|May 2021||1063/7||Big guns/Heavy weaponry||25||302|
|Jun 2021||1088/9||Dinosaurs/Time Travel||28||338|
|Jul 2021||1116/11||Big Questions/Question Marks||28||330|
|Aug 2021||1144/5||Highways, Travel etc||19||232|
|Sep 2021||1163/9||Favourite Covers/Comics||28||330|
|Nov 2021||1212/11||JSA 80th Anniversary||23||269|
|Dec 2021||1235/4||Logos in the action||26||317|
|Jan 2022||1261/9||Dynamic Duos||29||348|
|Feb 2022||1290/9||Romantic Scenes||26||313|
|Apr 2022||1345/1||Unexpected Green||23||286|
|May 2022||1368/11||Neal Adams||26||310|
|Jun 2022||1394/9||George Perez||19||227|
|Aug 2022||1443/4||Fairgrounds and Carnivals||24||285|
|Sep 2022||1467/1||Joe Kubert||19||238|
|Oct 2022||1486/11||First and last issues||27||324|
|Nov 2022||1513/11||Classrooms and Education||22||264|
|Dec 2022||1535/11||Robots and Cyborgs|
|Jan 2023||Courtrooms and Trials|
Continuing the Shang-Chi saga, Special Marvel Edition was renamed Master of Kung Fu, but kept the numbering. Here's the first issue with the new title, #17, April 1974:
The book ran until June 1983, ending with issue #125:
When Marvel did that "Legacy" numbering nonsense...
Something similar from DC. The Atom #1 was cover-dated July 1962, though there was no number 1 on the cover.
The final issue of The Atom was #38 (cover date September 1968).
However, the numbering continued with The Atom and Hawkman. The last issue of that title - which we also saw last month as a Joe Kubert cover - was #45 (November 1969)...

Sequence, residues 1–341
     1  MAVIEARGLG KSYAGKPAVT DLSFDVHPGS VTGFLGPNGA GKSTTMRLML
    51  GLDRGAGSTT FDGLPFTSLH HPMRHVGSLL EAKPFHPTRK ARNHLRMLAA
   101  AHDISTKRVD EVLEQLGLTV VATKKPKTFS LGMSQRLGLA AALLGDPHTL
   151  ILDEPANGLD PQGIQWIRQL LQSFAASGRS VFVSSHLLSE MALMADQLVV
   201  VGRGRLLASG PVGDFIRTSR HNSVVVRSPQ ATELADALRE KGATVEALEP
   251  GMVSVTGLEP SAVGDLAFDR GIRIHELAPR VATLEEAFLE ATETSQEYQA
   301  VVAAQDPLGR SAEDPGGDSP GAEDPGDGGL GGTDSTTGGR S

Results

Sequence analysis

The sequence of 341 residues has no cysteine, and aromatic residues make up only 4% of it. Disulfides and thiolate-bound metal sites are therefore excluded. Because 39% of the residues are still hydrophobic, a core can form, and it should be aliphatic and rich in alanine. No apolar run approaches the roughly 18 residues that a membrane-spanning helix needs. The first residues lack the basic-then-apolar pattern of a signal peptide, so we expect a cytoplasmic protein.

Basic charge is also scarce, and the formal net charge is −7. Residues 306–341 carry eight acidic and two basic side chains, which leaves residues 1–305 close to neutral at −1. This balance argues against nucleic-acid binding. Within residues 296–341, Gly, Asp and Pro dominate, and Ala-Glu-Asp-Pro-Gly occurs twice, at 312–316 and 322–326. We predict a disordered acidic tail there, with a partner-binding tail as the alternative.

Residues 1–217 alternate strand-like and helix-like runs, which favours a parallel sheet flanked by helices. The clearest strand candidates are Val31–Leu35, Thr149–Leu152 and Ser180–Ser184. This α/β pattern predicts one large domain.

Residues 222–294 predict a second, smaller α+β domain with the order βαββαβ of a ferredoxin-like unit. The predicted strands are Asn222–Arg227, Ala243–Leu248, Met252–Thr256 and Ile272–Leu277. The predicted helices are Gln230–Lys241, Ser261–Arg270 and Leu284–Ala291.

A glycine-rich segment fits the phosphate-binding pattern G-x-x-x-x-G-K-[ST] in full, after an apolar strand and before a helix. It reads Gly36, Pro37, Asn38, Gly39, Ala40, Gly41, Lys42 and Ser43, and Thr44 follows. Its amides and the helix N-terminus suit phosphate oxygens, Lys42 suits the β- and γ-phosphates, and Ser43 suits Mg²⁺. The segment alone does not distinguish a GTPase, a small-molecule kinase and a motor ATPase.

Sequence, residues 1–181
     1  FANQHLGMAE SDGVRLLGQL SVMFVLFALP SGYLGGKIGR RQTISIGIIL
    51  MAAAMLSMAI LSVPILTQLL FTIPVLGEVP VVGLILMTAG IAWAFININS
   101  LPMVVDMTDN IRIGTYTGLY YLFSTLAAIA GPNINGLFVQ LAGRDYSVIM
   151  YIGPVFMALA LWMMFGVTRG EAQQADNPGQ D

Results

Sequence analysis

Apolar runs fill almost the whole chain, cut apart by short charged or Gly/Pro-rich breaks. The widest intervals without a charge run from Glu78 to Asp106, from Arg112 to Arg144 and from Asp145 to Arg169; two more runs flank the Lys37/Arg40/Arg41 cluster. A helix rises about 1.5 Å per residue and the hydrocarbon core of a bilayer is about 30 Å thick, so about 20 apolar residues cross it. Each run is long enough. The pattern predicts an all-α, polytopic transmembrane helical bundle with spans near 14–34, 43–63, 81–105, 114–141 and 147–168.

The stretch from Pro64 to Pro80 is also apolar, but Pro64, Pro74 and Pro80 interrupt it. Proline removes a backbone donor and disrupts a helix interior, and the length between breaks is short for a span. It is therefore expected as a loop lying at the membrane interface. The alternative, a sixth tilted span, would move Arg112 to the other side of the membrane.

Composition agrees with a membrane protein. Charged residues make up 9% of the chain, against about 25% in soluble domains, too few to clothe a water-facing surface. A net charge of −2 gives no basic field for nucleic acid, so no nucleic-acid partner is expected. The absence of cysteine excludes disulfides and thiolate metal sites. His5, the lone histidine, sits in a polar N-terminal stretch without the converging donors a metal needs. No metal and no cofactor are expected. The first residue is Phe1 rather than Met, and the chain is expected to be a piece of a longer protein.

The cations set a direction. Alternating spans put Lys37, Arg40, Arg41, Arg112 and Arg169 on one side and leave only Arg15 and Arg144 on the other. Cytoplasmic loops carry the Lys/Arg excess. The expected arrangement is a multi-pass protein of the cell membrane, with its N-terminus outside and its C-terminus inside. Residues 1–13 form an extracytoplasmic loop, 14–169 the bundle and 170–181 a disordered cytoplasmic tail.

...until DC published The Atom and Hawkman #46 more than 40 years later (cover date March 2010), as part of their "Blackest Night" event.
"The Atom #1 was cover-dated July 1962, though there was no number 1 on the cover."
See also the first issues of Strange Tales, Sea Devils and My Greatest Adventure already posted, all marketed with "the smart kid" in mind. We'll see more of this phenomenon before the month is through, I guarantee it.
Is the issue number important for any kinds of publications that aren't comics? Other than being a way to distinguish one issue from another?
I mean, I never knew or cared what the issue number is for Time or Sports Illustrated or People, or for mags with short stories like Alfred Hitchcock's Mystery Magazine or Ellery Queen's Mystery Magazine, or, really, anything but comics.
Well I guess it's important if you had a copy of The Times of London number 1. The Times newspaper has always been numbered (the current issue is number 78,670) so issue 1 would be worth a fortune. I would imagine most British newspapers are numbered.
Next up, for me, Plastic Man. He first appeared in Police Comics #1 (publisher Quality) cover dated August 1941, although he didn't manage a cover appearance until Police Comics #5.
Interesting name, Plastic Man. Plastic doesn't necessarily conjure up images of stretchable limbs, unlike say, Rubberman or Elongated Man. Plastic is generally a fixed shape which doesn't alter unless you apply heat to it.
However, in 1941, plastic was a relatively new product, and people were amazed by the way it could be molded into all kinds of different shapes. I guess Jack Cole wanted to have his new character associated with something new and exciting.
The final appearance of Plastic Man, under the Quality imprint was Police Comics #102 (October 1950). He wouldn't appear again until 1965, this time under the DC umbrella.